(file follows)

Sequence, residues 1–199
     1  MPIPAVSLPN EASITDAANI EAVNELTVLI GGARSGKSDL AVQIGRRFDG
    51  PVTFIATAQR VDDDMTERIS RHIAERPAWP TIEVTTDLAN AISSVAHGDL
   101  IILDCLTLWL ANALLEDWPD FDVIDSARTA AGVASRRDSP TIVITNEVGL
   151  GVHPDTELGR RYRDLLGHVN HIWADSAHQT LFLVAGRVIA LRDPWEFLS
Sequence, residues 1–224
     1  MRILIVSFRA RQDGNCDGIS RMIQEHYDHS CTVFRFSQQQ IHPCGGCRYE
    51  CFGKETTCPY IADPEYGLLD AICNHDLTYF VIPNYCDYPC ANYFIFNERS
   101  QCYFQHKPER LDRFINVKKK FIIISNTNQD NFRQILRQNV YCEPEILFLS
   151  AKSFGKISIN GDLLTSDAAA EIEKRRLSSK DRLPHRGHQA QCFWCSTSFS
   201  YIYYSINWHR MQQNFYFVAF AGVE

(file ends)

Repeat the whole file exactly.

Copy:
Sequence, residues 1–199
     1  MPIPAVSLPN EASITDAANI EAVNELTVLI GGARSGKSDL AVQIGRRFDG
    51  PVTFIATAQR VDDDMTERIS RHIAERPAWP TIEVTTDLAN AISSVAHGDL
   101  IILDCLTLWL ANALLEDWPD FDVIDSARTA AGVASRRDSP TIVITNEVGL
   151  GVHPDTELGR RYRDLLGHVN HIWADSAHQT LFLVAGRVIA LRDPWEFLS
Sequence, residues 1–224
     1  MRILIVSFRA RQDGNCDGIS RMIQEHYDHS CTVFRFSQQQ IHPCGGCRYE
    51  CFGKETTCPY IADPEYGLLD AICNHDLTYF VIPNYCDYPC ANYFIFNERS
   101  QCYFQHKPER LDRFINVKKK FIIISNTNQD NFRQILRQNV YCEPEILFLS
   151  AKSFGKISIN GDLLTSDAAA EIEKRRLSSK DRLPHRGHQA QCFWCSTSFS
   201  YIYYSINWHR MQQNFYFVAF AGVE